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Drilling boom feeds need for flights between Pittsburgh and small airports

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Wednesday, Feb. 13, 2013, 1:39 p.m.

The boom in drilling for Marcellus shale natural gas is fueling a demand for more flights between Pennsylvania's smaller airports and Pittsburgh International Airport, officials said Tuesday.

“The Marcellus shale is the driving force behind the (commuter) service. We think it will be a viable service,” said Gabe Monzo, executive director of the Westmoreland County Airport Authority and chairman of the Pennsylvania Air Service Committee.

Providing scheduled commercial service to Pittsburgh International from the state's 13 regional airports remain a priority for the Air Service Committee, Monzo said on Tuesday after an airport authority meeting at Arnold Palmer Regional Airport in Unity.

The challenge is to find an airline that wants to operate the service and can turn a profit, Monzo added.

Pittsburgh is an attractive airport for companies involved in the natural gas industry because it offers flights to Houston, Monzo said. Natural gas production companies based in Texas and Oklahoma established operations in Western and Northeastern Pennsylvania in the past decade as the firms began extracting gas from the Marcellus shale reserves.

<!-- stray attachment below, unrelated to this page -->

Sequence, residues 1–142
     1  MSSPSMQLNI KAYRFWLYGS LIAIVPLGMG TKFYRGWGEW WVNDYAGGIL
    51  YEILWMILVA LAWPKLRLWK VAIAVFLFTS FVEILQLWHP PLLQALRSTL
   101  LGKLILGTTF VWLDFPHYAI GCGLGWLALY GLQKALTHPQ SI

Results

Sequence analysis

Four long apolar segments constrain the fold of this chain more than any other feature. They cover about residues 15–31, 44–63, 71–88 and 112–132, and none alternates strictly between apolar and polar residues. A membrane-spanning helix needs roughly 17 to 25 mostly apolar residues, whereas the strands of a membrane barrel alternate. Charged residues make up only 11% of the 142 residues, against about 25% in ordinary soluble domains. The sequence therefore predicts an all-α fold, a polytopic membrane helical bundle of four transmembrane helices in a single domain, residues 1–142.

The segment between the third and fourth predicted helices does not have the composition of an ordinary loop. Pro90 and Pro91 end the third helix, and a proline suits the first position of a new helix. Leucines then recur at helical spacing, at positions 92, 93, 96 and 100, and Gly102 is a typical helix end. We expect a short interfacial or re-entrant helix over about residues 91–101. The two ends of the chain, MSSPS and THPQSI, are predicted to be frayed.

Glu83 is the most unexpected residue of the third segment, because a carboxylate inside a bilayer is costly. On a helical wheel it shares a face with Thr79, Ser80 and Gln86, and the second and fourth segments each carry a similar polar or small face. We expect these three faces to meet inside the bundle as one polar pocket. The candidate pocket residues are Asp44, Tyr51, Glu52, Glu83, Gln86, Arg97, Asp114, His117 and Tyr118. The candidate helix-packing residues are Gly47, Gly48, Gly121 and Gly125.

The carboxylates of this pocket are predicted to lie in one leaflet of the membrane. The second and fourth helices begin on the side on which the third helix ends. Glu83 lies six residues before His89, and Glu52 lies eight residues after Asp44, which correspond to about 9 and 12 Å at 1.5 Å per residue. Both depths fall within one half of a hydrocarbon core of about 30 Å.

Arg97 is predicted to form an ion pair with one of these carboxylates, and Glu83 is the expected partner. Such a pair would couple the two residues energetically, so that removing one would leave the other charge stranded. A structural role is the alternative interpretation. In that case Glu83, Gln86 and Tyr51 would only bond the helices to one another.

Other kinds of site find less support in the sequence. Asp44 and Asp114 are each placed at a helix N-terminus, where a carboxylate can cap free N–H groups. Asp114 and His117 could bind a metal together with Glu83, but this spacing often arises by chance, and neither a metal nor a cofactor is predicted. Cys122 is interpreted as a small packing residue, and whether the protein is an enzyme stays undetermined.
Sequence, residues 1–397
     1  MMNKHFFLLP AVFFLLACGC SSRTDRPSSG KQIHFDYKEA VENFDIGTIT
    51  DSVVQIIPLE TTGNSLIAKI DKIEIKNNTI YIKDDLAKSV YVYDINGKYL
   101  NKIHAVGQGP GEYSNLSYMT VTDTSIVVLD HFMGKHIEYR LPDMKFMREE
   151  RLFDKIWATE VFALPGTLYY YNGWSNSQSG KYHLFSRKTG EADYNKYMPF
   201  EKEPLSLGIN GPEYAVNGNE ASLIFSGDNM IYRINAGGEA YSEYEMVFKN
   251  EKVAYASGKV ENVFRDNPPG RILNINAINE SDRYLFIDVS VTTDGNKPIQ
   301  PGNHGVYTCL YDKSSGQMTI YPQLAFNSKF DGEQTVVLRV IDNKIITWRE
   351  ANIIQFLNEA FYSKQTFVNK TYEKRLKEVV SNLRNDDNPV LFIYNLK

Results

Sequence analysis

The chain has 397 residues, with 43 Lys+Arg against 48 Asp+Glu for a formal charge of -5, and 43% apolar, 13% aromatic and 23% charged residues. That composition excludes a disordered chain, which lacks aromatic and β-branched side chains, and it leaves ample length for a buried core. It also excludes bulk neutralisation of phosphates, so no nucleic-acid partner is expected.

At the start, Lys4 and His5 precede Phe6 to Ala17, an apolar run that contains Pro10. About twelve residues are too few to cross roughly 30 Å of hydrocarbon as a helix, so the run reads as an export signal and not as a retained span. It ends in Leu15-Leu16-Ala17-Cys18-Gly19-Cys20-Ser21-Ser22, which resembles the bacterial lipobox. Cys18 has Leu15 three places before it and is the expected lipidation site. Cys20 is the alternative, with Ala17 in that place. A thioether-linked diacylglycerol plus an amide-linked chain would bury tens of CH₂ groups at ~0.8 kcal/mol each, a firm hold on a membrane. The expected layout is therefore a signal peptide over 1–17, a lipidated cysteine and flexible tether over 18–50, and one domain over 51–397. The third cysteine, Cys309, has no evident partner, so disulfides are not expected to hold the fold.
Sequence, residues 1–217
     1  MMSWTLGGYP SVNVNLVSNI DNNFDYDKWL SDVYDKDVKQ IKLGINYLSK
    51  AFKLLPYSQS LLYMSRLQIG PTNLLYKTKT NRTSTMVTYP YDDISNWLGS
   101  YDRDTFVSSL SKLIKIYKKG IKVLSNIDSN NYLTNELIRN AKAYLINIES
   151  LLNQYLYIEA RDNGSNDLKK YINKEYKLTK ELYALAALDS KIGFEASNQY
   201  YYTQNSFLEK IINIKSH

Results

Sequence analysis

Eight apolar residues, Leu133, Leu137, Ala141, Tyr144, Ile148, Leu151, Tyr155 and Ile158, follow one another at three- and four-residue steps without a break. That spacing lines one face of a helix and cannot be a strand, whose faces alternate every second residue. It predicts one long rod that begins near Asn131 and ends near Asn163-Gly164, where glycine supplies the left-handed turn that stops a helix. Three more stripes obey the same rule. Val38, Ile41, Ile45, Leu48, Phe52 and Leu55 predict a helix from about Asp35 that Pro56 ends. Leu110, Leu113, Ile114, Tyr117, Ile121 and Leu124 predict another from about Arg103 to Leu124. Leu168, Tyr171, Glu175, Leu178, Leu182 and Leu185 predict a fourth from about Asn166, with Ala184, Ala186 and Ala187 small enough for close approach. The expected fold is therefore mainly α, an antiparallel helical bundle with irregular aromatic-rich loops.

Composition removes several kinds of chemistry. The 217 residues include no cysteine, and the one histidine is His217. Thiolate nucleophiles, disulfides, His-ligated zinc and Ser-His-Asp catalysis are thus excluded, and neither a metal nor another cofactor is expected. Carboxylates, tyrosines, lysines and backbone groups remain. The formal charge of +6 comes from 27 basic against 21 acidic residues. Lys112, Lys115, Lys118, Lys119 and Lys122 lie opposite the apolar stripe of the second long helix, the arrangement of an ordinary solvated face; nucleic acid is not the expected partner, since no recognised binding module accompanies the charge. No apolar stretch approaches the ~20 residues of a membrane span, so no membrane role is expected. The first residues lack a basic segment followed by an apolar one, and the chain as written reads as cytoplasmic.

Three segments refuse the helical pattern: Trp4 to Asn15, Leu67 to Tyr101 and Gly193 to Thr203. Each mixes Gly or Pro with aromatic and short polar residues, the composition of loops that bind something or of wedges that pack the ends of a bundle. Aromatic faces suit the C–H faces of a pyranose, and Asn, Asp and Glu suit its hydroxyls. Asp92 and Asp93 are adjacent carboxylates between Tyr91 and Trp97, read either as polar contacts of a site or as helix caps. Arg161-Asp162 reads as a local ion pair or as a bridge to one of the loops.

Pittsburgh International has service to Houston through United Airlines, and Southwest Airlines will begin flights from Pittsburgh to Houston in April, said airport spokeswoman JoAnn Jenny.

“That's a growing market (for airlines) in Pennsylvania,” Jenny said.

The air service committee, which is part of the state Bureau of Aviation, has presented several airlines with information about connecting Greater Pittsburgh with the regional airports, including Arnold Palmer Regional, Harrisburg International Airport, the Lehigh Valley International Airport in Allentown and Wilkes-Barre Scranton International Airport, which serves the gas-producing region in Northeastern Pennsylvania, Monzo said.

“We feel that if we can make that happen, Pittsburgh will get more service to business destinations,” such as cities in Ohio, Monzo said. “That's the whole idea.”

Arnold Palmer Regional did have commuter service to Pittsburgh International via a seven-passenger plane during the 1980s and 1990s. That Pittsburgh connection attracts the “briefcase” passengers, while those booking Spirit Airlines flights to Florida and Myrtle Beach, S.C., are the “suitcase” passengers because they are staying longer, Monzo said.

Kelly Murphy, a spokeswoman for the Regional Airline Association, a Washington-based trade group that represents 31 regional carriers, could not be reached for comment.

A connector flight to Pittsburgh would increase the passenger load at Arnold Palmer Regional, which served 12,427 passengers in January, up from 4,182 passengers in January 2012.

Joe Napsha is a staff writer for Trib Total Media. He can be reached at 724-836-5252 or

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